A MAN who behaved threateningly on a bus while “very intoxicated” last month – and made aggressive comments to a passenger about her face covering – has been sent to prison.
Sheriff Ian Cruickshank told Trevor Couper who appeared at Lerwick Sheriff Court on Wednesday that his behaviour was “particularly insensitive and inappropriate given the current Covid-19 crisis”.
The 27-year-old ended up being given a sentence of 263 days in prison as he committed the offence after being released from jail early.
Couper, of Meadowfield Crescent, Scalloway, appeared from custody via video link after previously admitting repeatedly shouting, swearing, uttering threats of violence and acting aggressively during a bus journey on 5 June, while on bail.
He also previously admitted a charge of breaching bail.
Procurator fiscal Duncan Mackenzie told the court that Couper was “very intoxicated” as he got on the bus near to the Scalloway Hall and was unsteady on his feet.
Following guidelines the driver asked him about why he was making the journey, which saw Couper’s behaviour make a turn for the worse.
“The accused became irate at that,” Mackenzie said.
Couper then insulted the driver and threatened to “kick his head in”.
There was one other passenger on board initially but another later came on the bus as it continued its journey to Lerwick.
When it reached the town Couper said to one of the passengers, who was wearing a scarf as a face covering: “If you are so f***ing scared you should have stayed at home.”
Defence agent Tommy Allan said Couper had been released from prison on 22 May and came back to Shetland during lockdown.
He said this was a period of time his client found difficult as his usual support network was unavailable.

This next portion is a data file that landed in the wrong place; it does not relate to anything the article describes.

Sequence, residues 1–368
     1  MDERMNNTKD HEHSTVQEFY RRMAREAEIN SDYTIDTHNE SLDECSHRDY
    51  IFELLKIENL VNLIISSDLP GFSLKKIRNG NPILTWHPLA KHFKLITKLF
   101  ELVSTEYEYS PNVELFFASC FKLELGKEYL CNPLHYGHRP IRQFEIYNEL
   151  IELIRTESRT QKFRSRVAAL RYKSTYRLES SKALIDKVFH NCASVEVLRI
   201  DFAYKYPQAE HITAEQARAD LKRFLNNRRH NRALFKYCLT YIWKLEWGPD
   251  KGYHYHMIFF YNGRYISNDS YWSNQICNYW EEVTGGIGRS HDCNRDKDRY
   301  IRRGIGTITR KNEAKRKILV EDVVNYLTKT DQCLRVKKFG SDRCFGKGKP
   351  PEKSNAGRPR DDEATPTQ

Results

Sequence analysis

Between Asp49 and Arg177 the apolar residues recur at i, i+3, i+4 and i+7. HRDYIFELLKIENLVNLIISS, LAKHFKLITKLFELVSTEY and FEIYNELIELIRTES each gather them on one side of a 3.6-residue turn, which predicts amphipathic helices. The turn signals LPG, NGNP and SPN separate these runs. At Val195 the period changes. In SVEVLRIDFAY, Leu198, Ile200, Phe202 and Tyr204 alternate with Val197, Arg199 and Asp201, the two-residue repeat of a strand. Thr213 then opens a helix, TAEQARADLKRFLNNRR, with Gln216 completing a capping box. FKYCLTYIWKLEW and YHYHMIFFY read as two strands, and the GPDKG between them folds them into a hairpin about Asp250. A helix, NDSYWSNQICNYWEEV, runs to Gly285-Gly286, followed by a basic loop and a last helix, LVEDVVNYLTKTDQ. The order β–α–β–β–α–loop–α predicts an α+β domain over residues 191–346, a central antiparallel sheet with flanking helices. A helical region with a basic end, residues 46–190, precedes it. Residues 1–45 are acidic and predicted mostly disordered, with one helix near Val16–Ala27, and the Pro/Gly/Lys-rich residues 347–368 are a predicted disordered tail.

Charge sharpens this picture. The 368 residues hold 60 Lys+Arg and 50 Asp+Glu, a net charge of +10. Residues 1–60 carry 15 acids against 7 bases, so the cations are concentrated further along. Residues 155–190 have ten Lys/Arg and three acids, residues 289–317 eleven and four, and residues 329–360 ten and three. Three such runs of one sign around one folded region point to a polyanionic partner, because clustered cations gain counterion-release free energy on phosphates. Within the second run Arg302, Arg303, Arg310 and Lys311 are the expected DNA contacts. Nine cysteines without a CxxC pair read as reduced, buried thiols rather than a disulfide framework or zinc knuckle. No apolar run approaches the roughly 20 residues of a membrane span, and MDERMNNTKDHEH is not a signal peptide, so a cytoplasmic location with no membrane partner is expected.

“He was someone who struggled to cope at the best of times,” Allan said.
The solicitor said Couper had consumed a “large quality of substances” before committing the offence and described him as “being off his face on drugs”.
Allan, however, said there was a hope his client might be able to benefit from new funding to enable people to go to rehab from custody.
Sheriff Cruickshank said that Couper committed the offence after being released early from prison.
His term had been due to expire on 21 November – meaning he had been released 169 days before it was set to finish.
The sheriff gave Couper a total of 140 days in prison for the offence on the bus, but reduced that to 94 days to reflect the time he had already spent in custody on the matter.
Adding on the 169 days left from his previous sentence, Couper was given a total of 263 days, or almost nine months, in prison.
Space2face Shetland is an independent and confidential service which uses Restorative Justice and the arts to bring those harmed by crime or conflict and those responsible for the harm into communication. We enable everyone affected by a particular incident to play a part in repairing the harm and finding a positive way forward.
The project is also currently fundraising to secure office space in Shetland’s brand-new creativity and wellness centre, The Mission. If you’re interesting in getting involved, or making a donation, head over to www.space2face.org/how-you-can-help